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A shocking account of David Irving (Timothy Spall), a Holocaust denier, who takes Deborah Lipstadt (Rachel Weisz) to court for speaking out against him. At its very core, its about free speech, and the abuse of it.
While I knew there was a theory of the Holocaust never having happened, I wasn’t actually aware there was a specific Holocaust denier, and court case about it.
As I mentioned in my reviews of The Darkest Hour and The Founder, Denial is another good film-alternative to watching a documentary on the issue… Continue reading
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What a fantastic film! But of course I would say that; it’s based around time travel. So if you enjoyed the Prisoner of Azkaban, you’ll enjoy this.
Every Potter film before this has been increasingly dark – this is no exception – it is evil and horrific as we continue out ten year journey with Harry potter in order to defeat Lord Voldemort and we are almost at the final fight… Continue reading
Tagged Alan Rickman, Brendan Gleeson, Daniel Radcliffe, David Thewlis, deathly hallows, emma watson, film, film review, Fiona Shaw, harry potter, Harry Potter and the Deathly Hallows Part 1, helena bonham-carter, hogworts, Imelda Staunton, Jason Isaacs, John Hurt, julie walters, Maggie Smith, Michael Gambon, nz, part one, Ralph Fiennes, review, Richard Griffiths, Robbie Coltrane, rupert grint, sci-fi, timothy spall, Warwick Davis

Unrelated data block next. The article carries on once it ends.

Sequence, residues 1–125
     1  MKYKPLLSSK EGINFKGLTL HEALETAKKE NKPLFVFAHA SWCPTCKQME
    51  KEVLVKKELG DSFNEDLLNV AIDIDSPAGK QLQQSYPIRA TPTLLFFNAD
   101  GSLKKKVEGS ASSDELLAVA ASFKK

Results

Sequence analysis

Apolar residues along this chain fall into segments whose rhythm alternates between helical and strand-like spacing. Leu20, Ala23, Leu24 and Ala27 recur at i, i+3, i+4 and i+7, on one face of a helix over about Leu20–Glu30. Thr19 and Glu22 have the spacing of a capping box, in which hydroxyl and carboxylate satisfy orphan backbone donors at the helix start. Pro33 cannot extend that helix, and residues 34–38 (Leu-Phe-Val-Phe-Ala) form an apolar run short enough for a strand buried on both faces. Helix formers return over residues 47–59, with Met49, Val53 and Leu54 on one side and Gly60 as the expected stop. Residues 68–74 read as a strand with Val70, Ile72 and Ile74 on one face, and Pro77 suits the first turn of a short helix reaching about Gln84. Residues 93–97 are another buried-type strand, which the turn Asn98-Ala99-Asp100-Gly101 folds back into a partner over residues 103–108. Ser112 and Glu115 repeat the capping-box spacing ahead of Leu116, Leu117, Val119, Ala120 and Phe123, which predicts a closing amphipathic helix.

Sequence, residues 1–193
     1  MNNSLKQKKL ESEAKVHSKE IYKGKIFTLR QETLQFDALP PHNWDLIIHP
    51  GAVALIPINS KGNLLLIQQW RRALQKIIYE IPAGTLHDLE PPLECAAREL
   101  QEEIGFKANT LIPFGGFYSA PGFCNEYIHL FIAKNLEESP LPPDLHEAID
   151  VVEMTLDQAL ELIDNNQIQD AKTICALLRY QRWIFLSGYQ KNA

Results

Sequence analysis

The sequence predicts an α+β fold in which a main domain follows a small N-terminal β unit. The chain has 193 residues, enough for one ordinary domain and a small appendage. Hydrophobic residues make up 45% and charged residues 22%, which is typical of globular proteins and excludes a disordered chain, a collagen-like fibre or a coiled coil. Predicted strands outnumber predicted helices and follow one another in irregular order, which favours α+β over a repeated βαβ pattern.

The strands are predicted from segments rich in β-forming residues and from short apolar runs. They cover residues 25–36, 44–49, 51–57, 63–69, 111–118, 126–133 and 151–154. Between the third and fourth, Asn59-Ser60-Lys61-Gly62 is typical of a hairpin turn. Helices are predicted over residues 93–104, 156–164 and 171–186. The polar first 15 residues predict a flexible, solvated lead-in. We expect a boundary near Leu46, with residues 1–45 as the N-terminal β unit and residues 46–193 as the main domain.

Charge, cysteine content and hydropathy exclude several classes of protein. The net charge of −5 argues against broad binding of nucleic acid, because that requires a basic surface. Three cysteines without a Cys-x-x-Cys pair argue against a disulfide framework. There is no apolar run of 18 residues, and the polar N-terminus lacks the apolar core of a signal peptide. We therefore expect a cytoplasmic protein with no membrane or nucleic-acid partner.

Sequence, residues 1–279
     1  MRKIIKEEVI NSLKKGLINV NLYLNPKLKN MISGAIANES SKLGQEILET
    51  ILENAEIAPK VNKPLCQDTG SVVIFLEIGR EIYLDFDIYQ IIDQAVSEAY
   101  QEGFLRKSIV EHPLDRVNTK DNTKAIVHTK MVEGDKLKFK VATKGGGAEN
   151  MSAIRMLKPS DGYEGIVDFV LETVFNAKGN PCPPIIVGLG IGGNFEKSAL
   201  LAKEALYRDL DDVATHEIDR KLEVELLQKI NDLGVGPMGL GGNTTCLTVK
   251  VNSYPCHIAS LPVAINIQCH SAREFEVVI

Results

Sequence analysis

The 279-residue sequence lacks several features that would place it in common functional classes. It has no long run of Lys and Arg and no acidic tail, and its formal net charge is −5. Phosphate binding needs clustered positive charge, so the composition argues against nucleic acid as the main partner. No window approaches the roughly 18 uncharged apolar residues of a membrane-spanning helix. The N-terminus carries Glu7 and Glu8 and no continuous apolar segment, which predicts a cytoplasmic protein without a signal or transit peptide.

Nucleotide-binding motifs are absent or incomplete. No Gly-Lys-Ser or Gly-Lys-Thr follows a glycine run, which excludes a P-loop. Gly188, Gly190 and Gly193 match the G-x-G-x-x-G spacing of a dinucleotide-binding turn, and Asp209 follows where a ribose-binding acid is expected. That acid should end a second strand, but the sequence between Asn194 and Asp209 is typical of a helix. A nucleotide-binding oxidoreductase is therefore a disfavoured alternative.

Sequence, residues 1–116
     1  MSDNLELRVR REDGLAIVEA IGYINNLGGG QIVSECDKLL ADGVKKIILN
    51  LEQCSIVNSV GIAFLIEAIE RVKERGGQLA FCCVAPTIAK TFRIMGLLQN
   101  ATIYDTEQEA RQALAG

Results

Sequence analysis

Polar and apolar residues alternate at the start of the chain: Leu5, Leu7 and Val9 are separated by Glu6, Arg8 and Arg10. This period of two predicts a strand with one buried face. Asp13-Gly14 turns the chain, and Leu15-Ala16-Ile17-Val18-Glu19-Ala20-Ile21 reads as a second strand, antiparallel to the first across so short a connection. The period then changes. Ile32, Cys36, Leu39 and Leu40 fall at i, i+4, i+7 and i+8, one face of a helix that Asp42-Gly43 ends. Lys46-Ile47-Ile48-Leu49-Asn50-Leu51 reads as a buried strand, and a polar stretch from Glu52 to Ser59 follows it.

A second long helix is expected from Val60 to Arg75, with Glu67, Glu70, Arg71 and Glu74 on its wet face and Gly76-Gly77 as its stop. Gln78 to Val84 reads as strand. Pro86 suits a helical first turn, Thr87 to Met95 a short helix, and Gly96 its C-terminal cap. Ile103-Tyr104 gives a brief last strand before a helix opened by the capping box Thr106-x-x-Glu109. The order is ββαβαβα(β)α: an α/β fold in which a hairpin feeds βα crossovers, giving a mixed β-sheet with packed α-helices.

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Nominated for 14 BAFTAs and the winner of 12 Academy Awards, this incredibly triumphing story of King George VI (Colin Firth) has earned every award it has been given hands down. The King’s Speech is the account of King George VI, who is forced to overcome his debilitating speech impediment to reach his full potential as a strong ruler which he becomes by default due to his Father’s death, King George V (Sir Michael John Gambon) and the resignation of his brother, King Edward VIII (Guy Pearce). Despite the premise of this film sounding as if it may become a repetitive and stationary story of pure frustration and despair, The King’s Speech was actually… Continue reading
Tagged awesome, bonham, colin firth, David Seidler, Derek Jacobi, film, film review, freak, Geoffrey Rush, Guy Pearce, helena bonham-carter, Jennifer Ehle, Michael Gambon, nz, review, the king's speech, timothy spall, Tom Hooper